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Abstract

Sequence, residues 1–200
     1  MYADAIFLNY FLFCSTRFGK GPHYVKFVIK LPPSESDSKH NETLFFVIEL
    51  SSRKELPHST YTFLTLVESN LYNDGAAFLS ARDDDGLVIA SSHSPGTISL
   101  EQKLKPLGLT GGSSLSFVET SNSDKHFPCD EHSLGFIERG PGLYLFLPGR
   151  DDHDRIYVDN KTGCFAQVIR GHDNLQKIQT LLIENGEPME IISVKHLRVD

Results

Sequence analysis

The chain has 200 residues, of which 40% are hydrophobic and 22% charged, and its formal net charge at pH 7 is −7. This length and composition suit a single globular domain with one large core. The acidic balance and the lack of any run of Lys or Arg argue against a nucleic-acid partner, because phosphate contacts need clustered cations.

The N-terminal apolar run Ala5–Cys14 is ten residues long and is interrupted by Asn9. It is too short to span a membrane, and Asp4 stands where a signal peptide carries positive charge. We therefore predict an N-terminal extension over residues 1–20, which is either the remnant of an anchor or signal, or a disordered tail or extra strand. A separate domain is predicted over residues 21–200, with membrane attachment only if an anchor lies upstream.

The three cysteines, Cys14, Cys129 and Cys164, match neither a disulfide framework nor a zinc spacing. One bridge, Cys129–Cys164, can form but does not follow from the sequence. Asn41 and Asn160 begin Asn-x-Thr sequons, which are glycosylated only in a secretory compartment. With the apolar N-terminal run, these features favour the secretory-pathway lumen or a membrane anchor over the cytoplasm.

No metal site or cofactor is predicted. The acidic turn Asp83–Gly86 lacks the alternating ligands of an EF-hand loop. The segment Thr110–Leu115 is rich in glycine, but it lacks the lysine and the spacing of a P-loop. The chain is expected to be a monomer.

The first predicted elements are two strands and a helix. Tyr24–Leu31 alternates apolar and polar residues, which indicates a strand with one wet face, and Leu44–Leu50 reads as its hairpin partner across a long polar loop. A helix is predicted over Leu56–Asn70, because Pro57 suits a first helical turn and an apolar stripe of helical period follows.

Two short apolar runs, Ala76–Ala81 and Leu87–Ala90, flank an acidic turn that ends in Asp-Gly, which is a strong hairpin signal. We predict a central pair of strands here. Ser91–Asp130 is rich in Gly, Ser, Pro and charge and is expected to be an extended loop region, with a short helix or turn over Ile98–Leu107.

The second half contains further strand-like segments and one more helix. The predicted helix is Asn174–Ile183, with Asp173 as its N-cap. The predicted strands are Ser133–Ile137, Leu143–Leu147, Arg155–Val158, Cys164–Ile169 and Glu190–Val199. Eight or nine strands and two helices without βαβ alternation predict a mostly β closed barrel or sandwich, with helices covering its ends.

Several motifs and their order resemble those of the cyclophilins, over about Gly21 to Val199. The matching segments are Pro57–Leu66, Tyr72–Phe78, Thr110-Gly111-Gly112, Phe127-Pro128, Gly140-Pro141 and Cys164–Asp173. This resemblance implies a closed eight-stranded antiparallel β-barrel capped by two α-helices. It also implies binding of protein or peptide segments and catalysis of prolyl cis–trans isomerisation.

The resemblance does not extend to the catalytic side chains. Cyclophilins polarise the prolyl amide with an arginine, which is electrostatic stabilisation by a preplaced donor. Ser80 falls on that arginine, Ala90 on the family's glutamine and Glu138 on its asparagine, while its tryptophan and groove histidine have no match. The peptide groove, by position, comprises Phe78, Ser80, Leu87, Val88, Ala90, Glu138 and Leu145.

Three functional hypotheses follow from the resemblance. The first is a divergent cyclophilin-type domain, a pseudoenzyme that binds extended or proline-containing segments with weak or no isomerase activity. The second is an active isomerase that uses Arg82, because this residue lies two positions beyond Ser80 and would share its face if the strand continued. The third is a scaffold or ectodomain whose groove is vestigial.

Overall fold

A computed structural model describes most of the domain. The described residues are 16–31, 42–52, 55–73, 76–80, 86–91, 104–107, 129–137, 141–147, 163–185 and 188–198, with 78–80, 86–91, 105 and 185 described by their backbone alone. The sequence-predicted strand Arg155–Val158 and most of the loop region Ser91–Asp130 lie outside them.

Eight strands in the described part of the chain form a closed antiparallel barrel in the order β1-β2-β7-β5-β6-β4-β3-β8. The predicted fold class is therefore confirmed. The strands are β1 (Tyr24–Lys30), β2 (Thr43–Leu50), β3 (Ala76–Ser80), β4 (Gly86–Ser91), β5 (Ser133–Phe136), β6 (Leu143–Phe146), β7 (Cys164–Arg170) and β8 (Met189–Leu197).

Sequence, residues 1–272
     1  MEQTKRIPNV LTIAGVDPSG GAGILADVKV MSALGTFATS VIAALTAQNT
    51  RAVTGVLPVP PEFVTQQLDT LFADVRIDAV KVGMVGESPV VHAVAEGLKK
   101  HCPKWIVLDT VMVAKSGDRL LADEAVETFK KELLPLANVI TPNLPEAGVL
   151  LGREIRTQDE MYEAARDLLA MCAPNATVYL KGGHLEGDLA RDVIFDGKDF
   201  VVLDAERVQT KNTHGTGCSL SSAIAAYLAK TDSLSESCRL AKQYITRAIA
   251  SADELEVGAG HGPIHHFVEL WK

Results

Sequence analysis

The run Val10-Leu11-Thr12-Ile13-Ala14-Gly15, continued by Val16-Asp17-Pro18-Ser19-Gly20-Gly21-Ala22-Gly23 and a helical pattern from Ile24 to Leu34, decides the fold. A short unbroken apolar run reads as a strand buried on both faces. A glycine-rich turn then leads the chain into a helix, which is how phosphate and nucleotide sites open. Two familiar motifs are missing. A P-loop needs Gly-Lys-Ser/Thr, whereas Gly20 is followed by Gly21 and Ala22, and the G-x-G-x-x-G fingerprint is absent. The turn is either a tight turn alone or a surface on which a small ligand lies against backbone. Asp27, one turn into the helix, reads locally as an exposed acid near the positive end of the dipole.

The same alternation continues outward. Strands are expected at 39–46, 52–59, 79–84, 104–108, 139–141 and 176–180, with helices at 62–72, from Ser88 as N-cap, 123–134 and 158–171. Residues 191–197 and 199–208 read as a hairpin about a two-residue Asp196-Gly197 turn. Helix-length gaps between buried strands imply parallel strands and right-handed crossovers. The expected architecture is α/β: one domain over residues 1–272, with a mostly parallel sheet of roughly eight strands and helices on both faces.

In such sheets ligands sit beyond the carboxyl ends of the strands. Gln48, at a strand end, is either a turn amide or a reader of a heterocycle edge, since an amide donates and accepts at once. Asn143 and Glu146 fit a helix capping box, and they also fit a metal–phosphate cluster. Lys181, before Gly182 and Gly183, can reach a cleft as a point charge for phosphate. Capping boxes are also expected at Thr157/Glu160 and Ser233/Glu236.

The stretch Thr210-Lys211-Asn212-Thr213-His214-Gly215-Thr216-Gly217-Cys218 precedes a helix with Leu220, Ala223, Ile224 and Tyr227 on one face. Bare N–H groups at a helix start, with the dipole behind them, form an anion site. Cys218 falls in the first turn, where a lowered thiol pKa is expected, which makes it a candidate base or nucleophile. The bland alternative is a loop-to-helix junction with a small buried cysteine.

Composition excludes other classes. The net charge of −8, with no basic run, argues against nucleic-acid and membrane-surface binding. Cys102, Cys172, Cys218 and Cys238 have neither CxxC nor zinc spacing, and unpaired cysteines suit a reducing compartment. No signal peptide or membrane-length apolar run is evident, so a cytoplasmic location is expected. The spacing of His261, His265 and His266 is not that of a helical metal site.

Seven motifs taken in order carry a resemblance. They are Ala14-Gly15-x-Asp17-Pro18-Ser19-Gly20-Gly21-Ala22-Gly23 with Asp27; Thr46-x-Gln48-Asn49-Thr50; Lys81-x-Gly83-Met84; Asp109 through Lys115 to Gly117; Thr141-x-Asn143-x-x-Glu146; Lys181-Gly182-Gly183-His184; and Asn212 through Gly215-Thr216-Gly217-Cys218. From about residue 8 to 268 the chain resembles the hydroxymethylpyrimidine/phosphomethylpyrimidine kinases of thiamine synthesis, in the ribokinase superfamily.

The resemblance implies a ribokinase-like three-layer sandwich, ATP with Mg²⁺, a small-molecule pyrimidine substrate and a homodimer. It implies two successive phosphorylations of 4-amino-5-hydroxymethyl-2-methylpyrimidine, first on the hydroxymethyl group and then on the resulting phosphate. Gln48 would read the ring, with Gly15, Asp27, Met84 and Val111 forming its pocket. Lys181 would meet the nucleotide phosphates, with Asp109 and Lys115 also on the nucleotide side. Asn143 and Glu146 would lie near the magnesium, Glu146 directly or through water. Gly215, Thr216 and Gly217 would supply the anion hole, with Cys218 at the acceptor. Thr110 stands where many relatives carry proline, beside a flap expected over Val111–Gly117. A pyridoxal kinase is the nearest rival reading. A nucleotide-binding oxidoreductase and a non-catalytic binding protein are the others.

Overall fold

This study aimed to identify the relationships between clinical impairments and gait deviations in children with cerebral palsy (CP). A retrospective convenience sample of 367 children with CP was selected (3–18 years old) and divided in two groups based on clinical symptomatology [unilateral (uCP) / bilateral CP (bCP), (n = 167/200)]. All children underwent a three-dimensional gait analysis and a standardized clinical examination. Gait was inspected on a vector level (all sagittal motions combined), and an individual joint level (pelvis, hip, knee and ankle joint motions). Statistical non-parametric mapping was applied to identify specific parts of the gait cycle displaying relationships between the gait deviations of both groups and the impairment scores of spasticity, weakness, selectivity, and passive range of motion. Impairment scores were summarized in two ways: a) composite impairment scores (e.g. combined spasticity of all assessed muscles acting around the hip, knee and ankle joints) and b) joint specific impairment scores (e.g. spasticity of the muscles acting around the knee joint). Results showed that the vector and most of the individual motions were related to the composite scores. Direct and carry-over relationships were found between certain individual motions and joint impairment scores (around the same or neighboring joints, respectively). All correlations were more prominent for children with bCP compared to uCP, especially regarding the relationships of gait deviations with weakness and reduced selectivity. In conclusion, this study enabled the mapping of relationships between clinical impairments and gait deviations in children with CP, by identifying specific parts of the gait cycle that are related to each of these impairments. These results provide a comprehensive description of these relationships, while simultaneously highlighting the differences between the two CP groups. Integration of these findings could lead to a better understanding of the pathophysiology of gait deviations and, eventually, support individualized treatment planning.

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